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CARES Act Charitable Contributions Options

Thank you for your interest in making a gift to the National Academy of Social Insurance. Here is a quick summary of provisions from the 2020 CARES Act that may affect your charitable giving.  

The CARES Act increases the limitations on deductions for charitable contributions made in 2020, for individuals as well as for corporations.

How much are you able to donate?

If you don’t itemize deductions or you take the standard deduction: Individuals are permitted an above-the-line deduction for cash gifts up to $300 ($600 for married couples filing joint returns). Pre-CARES Act, charitable contributions only benefited those who itemized their deductions. 

If you do itemize: The CARES Act increases the existing cap on annual giving to 100% of your adjusted gross income (AGI).

(Prior to the CARES Act, individuals could not make tax-deductible charitable contributions that exceeded 50% of their AGI. This 50% of AGI limitation has been suspended for gifts made in 2020.)

This means a donor like you will get a charitable contribution deduction for the full amount of your donation. Charitable contributions in excess of this amount can be carried forward for five years subject to the AGI limit in those years.

For corporations, the 10% limitation has been increased to 25% of taxable income.

This new deduction does not apply to noncash gifts or to gifts contributed to donor advised funds (DAF).

Donations from your Individual Retirement Accounts (IRAs)

Charitable contributions made from a donor’s IRA are not taxable income to the donor. Required minimum distributions (RMD) from IRAs and other retirement plans that would have had to start in 2020 do not have to start until 2021.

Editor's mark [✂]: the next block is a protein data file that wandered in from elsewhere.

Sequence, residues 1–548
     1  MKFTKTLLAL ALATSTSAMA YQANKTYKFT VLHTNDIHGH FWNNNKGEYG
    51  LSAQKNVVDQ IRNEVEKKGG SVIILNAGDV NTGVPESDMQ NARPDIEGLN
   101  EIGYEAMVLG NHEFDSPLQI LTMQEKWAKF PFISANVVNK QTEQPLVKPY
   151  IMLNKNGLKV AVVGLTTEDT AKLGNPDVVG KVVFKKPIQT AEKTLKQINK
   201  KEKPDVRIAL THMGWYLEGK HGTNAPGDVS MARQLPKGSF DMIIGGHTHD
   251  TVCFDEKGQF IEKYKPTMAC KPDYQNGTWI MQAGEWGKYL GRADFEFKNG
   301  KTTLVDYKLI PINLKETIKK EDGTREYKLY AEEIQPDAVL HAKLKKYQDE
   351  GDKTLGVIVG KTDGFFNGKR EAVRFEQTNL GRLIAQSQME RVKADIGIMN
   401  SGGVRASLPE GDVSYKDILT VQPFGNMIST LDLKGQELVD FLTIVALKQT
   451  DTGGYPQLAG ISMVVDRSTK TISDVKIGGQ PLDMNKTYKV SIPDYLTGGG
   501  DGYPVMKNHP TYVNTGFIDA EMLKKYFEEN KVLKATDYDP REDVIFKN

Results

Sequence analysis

Even so, making a qualified charitable donation (QCD) this year will allow itemizers and non-itemizers alike to direct up to $100,000 from their IRA to charities in a tax-efficient manner.

(Please consult your tax advisor for further guidance.)

Gifts of securities

Gifts of securities are not “qualified charitable contributions.” A donor with securities which have declined in value below cost may wish to sell those securities, realize the capital loss and contribute the cash without regard to percentage limitations. Or the capital loss may be used to offset gain on sale of appreciated assets, again generating cash that can be used for charitable contributions without percentage limitations. Even if a donor recognizes capital gain, donating the sale proceeds could eliminate taxation of any ordinary income, leaving only capital gains to be taxed.

Charitable Lead Annuity Trusts (CLATs)

Low interest rates in the wake of the COVID-19 pandemic create an opportunity for individuals who are charitably inclined, and want to plan for future generations, to utilize a Charitable Lead Annuity Trust (CLAT).

A CLAT is a trust that most often provides an annuity payment to a charity for a predetermined term of years. At the end of the term, the remaining assets can be used to fund a trust for the grantor’s family members. At the start, the grantor receives an income tax deduction based on the fair market value of the present interest of the annuity payments going to charity. The grantor also uses a small portion of his or her federal estate and gift tax exemption based on the remainder interest going to the trust for his or her family.

The current low interest rates result in a higher income tax deduction providing an immediate benefit to the grantor/donor. If the assets contributed to the CLAT outperform the estimated rate of return based on these low interest rates, the grantor’s family would also receive considerable assets while using minimal federal estate and gift tax exemption. This situation could be ideal for an individual who has a large income tax burden and was already considering providing for charities.